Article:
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Fraudulent calumny and the validity of a will

Image of parchment and fountain pen to illustrate fraudulent calumny for the validity of a will

Have you heard of fraudulent calumny? 

Whilst making a will is highly advisable, there may be circumstances where the validity of a will could, quite properly, be brought into question.

For example, a will-maker might have lacked the necessary mental capacity to make a valid will, the ‘will’ in question may be forged or fraudulent, or important technicalities might have been overlooked, such as witnessing the will correctly.  (Still important.) 

Another of the doctrines used to challenge the validity of a will is undue influence.  To some extent, the requirements for undue influence are self-evident.  The influencer seeks to benefit from the will by threatening, coercing and in effect, overpowering the will-maker’s wishes to his own advantage.

Much more subtle is the little heard of doctrine of fraudulent calumny.  Its consequences can be just as devastating for those ‘cut out’ or overlooked in the final will.  In cases of fraudulent calumny, the influencer brings about the desired changes to the will by means of a ‘whispering campaign’ or ‘dripping poison’ into the ear of the will-maker, who eventually of their own free, but misguided will, makes a will to the influencer’s advantage and, correspondingly, to the detriment of other beneficiaries (typically siblings) who the influencer targeted in their whispering campaign.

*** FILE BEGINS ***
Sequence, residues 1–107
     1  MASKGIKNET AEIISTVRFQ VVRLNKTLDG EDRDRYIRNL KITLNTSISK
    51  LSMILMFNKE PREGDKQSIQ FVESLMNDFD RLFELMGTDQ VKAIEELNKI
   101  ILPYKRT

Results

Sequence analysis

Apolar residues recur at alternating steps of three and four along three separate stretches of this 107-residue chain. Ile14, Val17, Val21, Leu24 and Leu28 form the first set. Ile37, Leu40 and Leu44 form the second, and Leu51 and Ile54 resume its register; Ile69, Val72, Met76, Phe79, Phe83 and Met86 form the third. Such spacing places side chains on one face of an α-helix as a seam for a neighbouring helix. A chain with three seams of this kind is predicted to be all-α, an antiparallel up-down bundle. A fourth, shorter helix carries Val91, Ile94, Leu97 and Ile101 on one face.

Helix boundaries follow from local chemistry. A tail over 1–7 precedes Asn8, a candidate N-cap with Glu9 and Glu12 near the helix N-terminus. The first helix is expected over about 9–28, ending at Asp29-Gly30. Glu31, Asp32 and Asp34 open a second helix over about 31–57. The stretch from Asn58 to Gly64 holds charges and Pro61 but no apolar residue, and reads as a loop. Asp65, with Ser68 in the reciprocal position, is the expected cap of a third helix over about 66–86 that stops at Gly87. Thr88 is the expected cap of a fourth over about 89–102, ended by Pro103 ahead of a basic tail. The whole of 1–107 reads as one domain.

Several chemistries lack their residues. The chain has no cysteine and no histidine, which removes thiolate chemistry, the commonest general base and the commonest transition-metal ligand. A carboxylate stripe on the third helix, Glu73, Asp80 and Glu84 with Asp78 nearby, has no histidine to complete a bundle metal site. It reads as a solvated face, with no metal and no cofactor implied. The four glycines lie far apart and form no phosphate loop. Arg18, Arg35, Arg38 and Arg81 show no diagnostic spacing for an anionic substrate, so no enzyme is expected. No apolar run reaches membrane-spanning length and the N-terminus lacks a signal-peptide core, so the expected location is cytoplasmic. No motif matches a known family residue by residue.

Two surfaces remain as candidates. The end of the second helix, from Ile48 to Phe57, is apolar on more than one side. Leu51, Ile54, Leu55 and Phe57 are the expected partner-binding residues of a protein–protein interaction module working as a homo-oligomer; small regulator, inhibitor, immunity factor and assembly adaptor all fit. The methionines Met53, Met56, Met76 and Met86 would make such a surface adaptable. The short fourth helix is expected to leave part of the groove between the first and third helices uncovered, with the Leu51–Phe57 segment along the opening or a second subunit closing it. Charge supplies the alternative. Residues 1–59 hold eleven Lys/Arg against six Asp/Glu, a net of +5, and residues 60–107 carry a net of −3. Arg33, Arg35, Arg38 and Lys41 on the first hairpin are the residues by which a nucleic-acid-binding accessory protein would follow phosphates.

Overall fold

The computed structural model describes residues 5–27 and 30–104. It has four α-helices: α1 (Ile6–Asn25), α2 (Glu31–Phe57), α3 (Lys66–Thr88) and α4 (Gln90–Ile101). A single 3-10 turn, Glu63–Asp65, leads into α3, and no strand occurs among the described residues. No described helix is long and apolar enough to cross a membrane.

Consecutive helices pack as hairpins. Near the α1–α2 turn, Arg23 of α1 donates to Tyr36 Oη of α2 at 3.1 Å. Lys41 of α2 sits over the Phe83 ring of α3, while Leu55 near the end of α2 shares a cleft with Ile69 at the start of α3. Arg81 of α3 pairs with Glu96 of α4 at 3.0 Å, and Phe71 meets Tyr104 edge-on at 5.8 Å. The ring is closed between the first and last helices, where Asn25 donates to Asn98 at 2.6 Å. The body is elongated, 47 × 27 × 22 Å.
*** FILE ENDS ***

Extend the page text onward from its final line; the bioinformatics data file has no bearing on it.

Surprisingly, evidence in support of fraudulent calumny can be easier to obtain than in cases of undue influence, because the will-maker may give the game away quite openly.  For example, the solicitor’s file notes may record explanations which the will-maker gave for cutting out another beneficiary that are objectively fanciful, and which on analysis, must have been ‘sown’ by the influencer.  Likewise, a pattern of incremental changes to previous wills can point to a long-term whispering campaign.

The law around challenging wills is governed by long-established doctrines such as those mentioned in this brief article, but the case law by which claims are decided can be as varied as the claims themselves are.  Claimants will often advance claims incorporating a number of doctrines at the same time, as whilst each doctrine has its own particular features, many also overlap.

Hibberts LLP has a large and established private client team which deals with all manner of will and trust issues.  It takes particular care to anticipate and aim off for any future difficulties with wills, for example by taking steps to ensure the will-making client is not under obvious pressure.  With the benefit of their experience and insights, our litigation team is correspondingly well-placed to challenge wills, or defend wills which are contested, should the need arise.

Probate Dispute Expert

Michael Ward

Partner & Head of Dispute Resolution

Michael is a partner and head of the firm’s dispute resolution team.  He graduated from Warwick University and attended RMA Sandhurst, followed by 6 years regular service at home and abroad.He completed the Graduate Diploma in Laws at Chester and qualified with a major national firm in 1998 before joining Hibberts’ agriculture team in 2002, becoming a partner in 2008.